Fifteen years ago this month, I had just returned to my marketing job at MCI Telecommunications, after taking four months off to recover from a traumatic car crash. I sustained a dozen broken bones in the crash, and had to learn how to walk again with a broken neck and broken pelvic bone. It was, by far, the most physically, and emotionally, painful four months of my life.
My physical therapist suggested that yoga might help me manage chronic pain, caused by scar tissue around my broken bones. I had heard that there were yoga classes at our gym, so I decided to check it out.
The instructor was a beautiful woman named Joy. My mother, who had passed away the year before, had also been named Joy, so I thought it was a sign that I was on the right path.
Joy was 40 at the time, but she looked 30. She was stunning, and flexible, and fit, and everything about her glowed. I remember thinking that I wanted to be just like her.
Joy taught the exact same hatha yoga sequence at every class, which I found extremely helpful as a beginner. I knew what to expect in her classes, which eased some of my initial anxiety. It also helped me remember how to practice on my own, between classes.
I fell head over heels in love with yoga during that first month of classes, and found myself wanting more. Joy recommended the book Power Yoga by Beryl Bender Birch, and a friend suggested I check out “Inhale with Steve Ross”, on Oprah’s Oxygen Network. I also discovered a fabulous magazine called Yoga Journal, that I read cover to cover, as soon as it arrived each month.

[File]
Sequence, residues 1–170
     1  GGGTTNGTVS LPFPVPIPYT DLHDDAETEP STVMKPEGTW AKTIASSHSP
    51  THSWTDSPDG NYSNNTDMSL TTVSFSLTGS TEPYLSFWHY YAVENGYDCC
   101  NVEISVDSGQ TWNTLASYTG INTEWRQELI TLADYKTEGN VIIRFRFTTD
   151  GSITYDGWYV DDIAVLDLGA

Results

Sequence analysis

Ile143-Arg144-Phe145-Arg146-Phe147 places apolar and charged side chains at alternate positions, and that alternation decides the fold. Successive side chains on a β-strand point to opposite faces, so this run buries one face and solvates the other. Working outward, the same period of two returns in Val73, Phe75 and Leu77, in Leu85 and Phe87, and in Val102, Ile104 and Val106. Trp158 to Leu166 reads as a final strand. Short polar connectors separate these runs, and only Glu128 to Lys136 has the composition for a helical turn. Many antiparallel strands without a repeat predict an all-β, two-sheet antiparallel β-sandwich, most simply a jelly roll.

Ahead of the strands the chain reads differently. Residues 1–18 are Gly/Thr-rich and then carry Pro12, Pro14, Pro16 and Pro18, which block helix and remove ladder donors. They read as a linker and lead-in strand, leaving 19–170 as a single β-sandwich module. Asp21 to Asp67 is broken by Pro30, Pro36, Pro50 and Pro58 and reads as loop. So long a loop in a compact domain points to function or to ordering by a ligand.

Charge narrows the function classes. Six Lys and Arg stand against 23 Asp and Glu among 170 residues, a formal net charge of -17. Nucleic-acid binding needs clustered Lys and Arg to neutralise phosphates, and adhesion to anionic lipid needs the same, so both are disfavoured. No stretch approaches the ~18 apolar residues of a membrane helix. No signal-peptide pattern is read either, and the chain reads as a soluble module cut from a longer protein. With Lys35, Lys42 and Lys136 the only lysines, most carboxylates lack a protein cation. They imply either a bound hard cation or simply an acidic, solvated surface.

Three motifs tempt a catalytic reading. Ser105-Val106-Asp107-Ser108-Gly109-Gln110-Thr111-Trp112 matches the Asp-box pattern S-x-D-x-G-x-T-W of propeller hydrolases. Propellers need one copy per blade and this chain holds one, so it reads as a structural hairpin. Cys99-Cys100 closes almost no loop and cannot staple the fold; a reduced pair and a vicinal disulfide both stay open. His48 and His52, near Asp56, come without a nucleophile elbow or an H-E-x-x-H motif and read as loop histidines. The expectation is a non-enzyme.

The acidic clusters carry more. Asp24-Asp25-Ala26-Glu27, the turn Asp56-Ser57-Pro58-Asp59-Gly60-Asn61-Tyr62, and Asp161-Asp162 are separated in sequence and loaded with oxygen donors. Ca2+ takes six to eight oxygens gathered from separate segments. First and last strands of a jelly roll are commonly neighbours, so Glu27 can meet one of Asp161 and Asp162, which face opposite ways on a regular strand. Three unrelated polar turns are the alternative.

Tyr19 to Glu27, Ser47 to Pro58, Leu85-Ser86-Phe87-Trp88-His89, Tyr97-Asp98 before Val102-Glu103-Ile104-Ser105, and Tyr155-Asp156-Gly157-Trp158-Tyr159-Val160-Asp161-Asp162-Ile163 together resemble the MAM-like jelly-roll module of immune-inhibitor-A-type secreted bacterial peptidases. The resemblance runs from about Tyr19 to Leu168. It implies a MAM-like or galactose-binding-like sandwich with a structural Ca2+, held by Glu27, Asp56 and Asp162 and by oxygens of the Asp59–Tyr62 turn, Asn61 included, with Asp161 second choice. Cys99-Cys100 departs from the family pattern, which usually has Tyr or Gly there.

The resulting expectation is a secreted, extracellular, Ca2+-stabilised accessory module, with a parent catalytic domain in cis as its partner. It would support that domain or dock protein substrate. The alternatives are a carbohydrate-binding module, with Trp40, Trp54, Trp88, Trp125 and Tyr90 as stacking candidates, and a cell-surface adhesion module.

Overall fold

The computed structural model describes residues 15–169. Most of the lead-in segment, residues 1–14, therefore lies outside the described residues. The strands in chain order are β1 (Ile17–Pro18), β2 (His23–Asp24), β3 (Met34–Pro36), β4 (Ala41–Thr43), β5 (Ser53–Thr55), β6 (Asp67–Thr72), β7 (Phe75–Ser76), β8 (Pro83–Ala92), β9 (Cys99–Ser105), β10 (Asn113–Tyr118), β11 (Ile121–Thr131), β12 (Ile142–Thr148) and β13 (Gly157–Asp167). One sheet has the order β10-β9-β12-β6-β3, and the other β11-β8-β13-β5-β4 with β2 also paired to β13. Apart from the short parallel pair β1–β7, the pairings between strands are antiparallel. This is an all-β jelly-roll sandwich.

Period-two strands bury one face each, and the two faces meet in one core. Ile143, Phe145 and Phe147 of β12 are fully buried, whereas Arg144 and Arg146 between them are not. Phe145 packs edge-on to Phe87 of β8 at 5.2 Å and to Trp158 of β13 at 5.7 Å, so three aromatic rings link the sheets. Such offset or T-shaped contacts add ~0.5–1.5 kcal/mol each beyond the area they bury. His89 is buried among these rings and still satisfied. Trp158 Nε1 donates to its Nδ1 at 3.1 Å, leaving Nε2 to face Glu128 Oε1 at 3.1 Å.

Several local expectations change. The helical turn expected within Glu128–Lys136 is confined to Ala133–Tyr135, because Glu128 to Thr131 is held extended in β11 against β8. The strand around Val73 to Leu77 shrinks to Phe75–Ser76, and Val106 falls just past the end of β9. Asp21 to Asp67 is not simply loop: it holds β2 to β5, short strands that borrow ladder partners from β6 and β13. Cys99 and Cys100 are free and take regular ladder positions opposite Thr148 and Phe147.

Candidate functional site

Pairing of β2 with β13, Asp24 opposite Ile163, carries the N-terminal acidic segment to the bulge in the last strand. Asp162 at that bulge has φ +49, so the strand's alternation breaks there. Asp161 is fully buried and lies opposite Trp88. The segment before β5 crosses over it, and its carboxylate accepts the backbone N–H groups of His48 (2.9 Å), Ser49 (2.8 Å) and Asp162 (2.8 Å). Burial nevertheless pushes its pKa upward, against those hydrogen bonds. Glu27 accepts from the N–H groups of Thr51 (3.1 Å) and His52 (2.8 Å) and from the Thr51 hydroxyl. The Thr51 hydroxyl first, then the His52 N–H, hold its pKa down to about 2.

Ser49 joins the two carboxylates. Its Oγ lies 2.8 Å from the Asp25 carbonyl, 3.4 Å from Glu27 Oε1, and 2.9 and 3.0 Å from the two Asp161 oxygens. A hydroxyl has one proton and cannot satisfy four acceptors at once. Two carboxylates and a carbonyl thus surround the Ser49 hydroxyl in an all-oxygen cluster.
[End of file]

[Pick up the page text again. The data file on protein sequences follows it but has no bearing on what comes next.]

This is how I “got into yoga.” I took one class a week with Joy, practiced with Steve Ross at 6 AM (and sometimes on VHS tape) three or four days a week, subscribed to Yoga Journal, and read Power Yoga, in my free time.
It might sound like a lot of work, but it really wasn’t. It was simply a shift in how I spent my free time. And the more I practiced, the less it felt like an obligation, and the more it made me want to adopt a yogic lifestyle.
Back then, we did not have National Yoga Month, but now we do. And because National Yoga Month was created to raise awareness about yoga, I would like to encourage you to consider what you might shift, to make more room in your life for yoga.
No matter how busy we are, we can always find time to practice at least a little yoga each day. The hardest part is making the commitment. Once yoga becomes one of your daily non-negotiables, you will wonder how you ever lived without it.
Also, as far as I am concerned, fifteen minutes of yoga each day is better than an hour of yoga, three times a week. It doesn’t matter what you do, as long as you just do something. Yoga will always meet you, exactly where you are.
Below are some of the resources that have helped me over the years. Give them a try, and let me know what you find most helpful in your yogic journey.
Power Yoga by Beryl Bender Birch
The Yoga Bible
Journey Into Power by Baron Baptiste
Happy Yoga by Steve Ross
Power Yoga (videos) by Bryan Kest
Eastern Body, Western Mind by Anodea Judith
The Yoga Sutras by Patanjali
An Open Heart by The Dalai Lama
Eat To Live by Dr. Joel Furhman (this is not a yoga book, but it does support a yogic diet)